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Mouthwatering Winter Adventures in Our National Parks

01.02.17

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Mouthwatering Winter Adventures in Our National Parks

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  • Loch Vale in Rocky Mountain National Park.- Mouthwatering Winter Adventures in Our National Parks
  • Dropping into the southwest chute.- Mouthwatering Winter Adventures in Our National Parks
  • View of Mount Rainier (14,411 ft) from Paradise Winter Campsite.- Mouthwatering Winter Adventures in Our National Parks
  • View of Mount Rainier (14,411 ft) from Nisqually Vista Snowshoe Trail.- Mouthwatering Winter Adventures in Our National Parks
  • Massive up-draft depositing windblown snow on the south face of Mount St. Helens..- Mouthwatering Winter Adventures in Our National Parks
  • Hikers and skiiers climb up Mount St. Helens Worm Flows.- Mouthwatering Winter Adventures in Our National Parks
  • Views from the Watchman lookout tower in Crater Lake National Park are unbeatable.- Mouthwatering Winter Adventures in Our National Parks
  • Crater Lake's rim juts out of the forest. Mount Scott (8,934 ft) is in the distance.- Mouthwatering Winter Adventures in Our National Parks
  • Steep sidwalls on Lassen Peak's Southesast Chutes give some of the terrain a surfy feel.- Mouthwatering Winter Adventures in Our National Parks
  • Sunkissed turns. Dirty Martini Chute, Lassen Peak.- Mouthwatering Winter Adventures in Our National Parks
  • Ascending the east ridge of Mount Diller, Lassen Volcanic National Park.- Mouthwatering Winter Adventures in Our National Parks
  • Approaching Pear Lake Ski Hut.- Mouthwatering Winter Adventures in Our National Parks
  • Mount Diller's summit ridge with Mount Shasta (14,197 ft) in view. Lassen Volcanic National Park.- Mouthwatering Winter Adventures in Our National Parks
  • Headlamps illuminate multiple routes on Mount Rainier (14,411 ft).- Mouthwatering Winter Adventures in Our National Parks
  • Spring corn in Edith Basin, Mount Rainier National Park.- Mouthwatering Winter Adventures in Our National Parks
  • Paradise Snowplay Sledding Area in Mount Rainier National Park.- Mouthwatering Winter Adventures in Our National Parks
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Most of the country's national parks receive the vast majority of their traffic in the spring, summer, and fall. For winter adventure lovers looking for snow, this seasonal trend presents phenomenal opportunities to snowshoe and ski in some absolutely stunning terrain without the crowds. There can be trade-offs, to be sure; many campgrounds and lodges close for the season, and road access can be a logistic hurdle if certain arteries through a park are not plowed or maintained. But any extra effort required for a winter trip is easily offset by pristine views of a snowy and undeveloped landscape. Whether your fix is found with a quiet lunch near a glassy alpine lake or some deep turns in untracked backcountry stashes, national parks are almost certain to have a great adventure option for you. Here are a few ideas from some of the West’s magnificent national parks to get your planning process started.

Mount Rainier National Park

  • Paradise Valley Snowshoe: This short loop leaves from Paradise Inn and leads to Narada Falls.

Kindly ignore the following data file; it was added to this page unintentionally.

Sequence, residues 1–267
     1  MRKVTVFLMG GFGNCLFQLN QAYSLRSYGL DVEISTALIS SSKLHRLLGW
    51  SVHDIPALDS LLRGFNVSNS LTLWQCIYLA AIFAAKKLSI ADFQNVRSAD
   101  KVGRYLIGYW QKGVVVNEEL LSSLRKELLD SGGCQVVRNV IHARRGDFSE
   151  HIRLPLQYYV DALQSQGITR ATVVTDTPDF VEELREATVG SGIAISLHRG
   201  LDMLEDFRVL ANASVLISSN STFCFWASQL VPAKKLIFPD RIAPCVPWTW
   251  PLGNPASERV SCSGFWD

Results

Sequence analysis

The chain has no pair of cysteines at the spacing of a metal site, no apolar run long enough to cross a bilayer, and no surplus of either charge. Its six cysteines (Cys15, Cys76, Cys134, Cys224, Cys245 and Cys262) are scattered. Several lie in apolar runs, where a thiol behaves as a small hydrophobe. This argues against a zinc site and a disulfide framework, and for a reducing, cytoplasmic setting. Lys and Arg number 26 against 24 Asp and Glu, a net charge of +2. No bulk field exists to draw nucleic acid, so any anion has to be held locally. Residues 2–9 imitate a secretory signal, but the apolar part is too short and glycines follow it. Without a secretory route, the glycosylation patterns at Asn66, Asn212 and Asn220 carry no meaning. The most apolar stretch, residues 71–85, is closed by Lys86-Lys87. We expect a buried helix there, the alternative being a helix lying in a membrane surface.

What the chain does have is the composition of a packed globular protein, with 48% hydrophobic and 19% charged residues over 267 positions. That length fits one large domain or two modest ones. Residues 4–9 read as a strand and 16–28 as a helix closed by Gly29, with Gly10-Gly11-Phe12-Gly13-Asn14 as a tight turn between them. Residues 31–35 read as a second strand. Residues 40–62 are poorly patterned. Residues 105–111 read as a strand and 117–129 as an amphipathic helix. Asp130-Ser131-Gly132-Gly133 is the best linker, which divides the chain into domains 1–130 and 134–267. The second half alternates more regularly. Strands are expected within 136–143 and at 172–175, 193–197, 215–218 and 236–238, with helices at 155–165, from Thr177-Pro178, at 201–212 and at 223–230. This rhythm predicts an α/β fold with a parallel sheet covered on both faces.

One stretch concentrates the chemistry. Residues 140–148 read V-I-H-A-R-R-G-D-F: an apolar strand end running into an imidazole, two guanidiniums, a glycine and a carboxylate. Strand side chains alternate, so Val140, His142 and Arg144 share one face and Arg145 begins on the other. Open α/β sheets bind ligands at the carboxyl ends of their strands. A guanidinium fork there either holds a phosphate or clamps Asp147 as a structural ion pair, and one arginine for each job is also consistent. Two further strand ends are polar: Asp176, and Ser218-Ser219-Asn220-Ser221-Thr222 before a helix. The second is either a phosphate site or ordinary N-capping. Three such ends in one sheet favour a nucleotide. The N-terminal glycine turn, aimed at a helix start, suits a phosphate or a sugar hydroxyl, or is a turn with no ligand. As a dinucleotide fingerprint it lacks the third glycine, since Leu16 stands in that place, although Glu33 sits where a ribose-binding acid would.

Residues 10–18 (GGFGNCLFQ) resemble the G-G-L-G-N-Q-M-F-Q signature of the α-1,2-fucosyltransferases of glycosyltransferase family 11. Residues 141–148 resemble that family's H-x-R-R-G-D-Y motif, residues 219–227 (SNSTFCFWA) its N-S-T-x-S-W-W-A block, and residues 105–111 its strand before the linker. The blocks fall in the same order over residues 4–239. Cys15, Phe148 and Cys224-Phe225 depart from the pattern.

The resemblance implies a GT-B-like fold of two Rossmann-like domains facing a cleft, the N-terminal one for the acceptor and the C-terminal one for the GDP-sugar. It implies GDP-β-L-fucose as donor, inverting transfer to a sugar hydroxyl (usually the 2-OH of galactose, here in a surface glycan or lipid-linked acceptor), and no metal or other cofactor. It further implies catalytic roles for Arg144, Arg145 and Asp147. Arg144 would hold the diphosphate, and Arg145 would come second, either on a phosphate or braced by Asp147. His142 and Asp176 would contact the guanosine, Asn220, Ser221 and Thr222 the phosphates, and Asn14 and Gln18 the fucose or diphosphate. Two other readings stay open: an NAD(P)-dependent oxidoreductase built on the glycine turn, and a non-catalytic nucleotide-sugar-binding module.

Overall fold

• Paradise Snowplay Sleddding Area: Come visit the only legal spot to sled in the park! The National Park service clears the runs, and a few facilities are on hand for the kids.
  • Edith Creek Basin: Easily one of the park’s best backcountry destinations. Low angle slopes and the nearby Paradise Lodge make this a great spot for learning, and the terrain’s diversity offers a match for skiers of all abilities.
Skinning into Edith Creek Basin. Photo by Benjamin Krause.

Crater Lake National Park

  • The Watchman Snowshoe: Snowshoe or ski a little more than 3 miles in for perhaps the best views in Crater Lake National Park.
  • Garfield Peak Snowshoe: Extensive views from the crater rim and peaceful, open meadows leading up to the highpoint.

Lassen Volcanic National Park

  • Lassen Southwest Entrance Winter Recreation Area: Regular snowplowing up to the Kohm Ya-mah-nee Visitor Center keeps this area an accessible hub for sledding, snowshoeing, cross-country skiing, and backcountry touring.
  • Lassen Peak, Southeast Chutes: If you can find access to the Devastated Area, Lassen’s Southeast Chutes offer plenty of options. Avalanche exposure makes terrain and conditions evaluations critical here.
  • Mount Diller: A 400-foot chute sits on Diller’s southwest aspect, and bowls await on the north aspect. Access is via the visitor center.
Skinning across Lassen's east-facing slopes. Photo by Aron Bosworth.

Sequoia National Park

  • Wolverton to Pear Lake Ski Hut: This 6-mile, 2,300-foot climb to the Pear Lake Ski Hut is worth every bit of effort. Absolutely stunning scenery in the heart of Sequoia National Park.
  • Winter Alta: While you’re at the hut…enjoy incredible views and 2,000 feet of vertical at Winter Alta, one of the best runs in the Sierra.

Note: Winter backcountry adventures can be dangerous outdoor activities that pose significant risks as conditions affecting safety (i.e. weather, snowpack stability, avalanche hazard) are constantly changing. Prior to engaging in these activities each individual should get the proper training to make safe decisions and be equipped to use avalanche safety resources and tools. Please visit our Backcountry Skiing and Avalanche Safety post to learn more.

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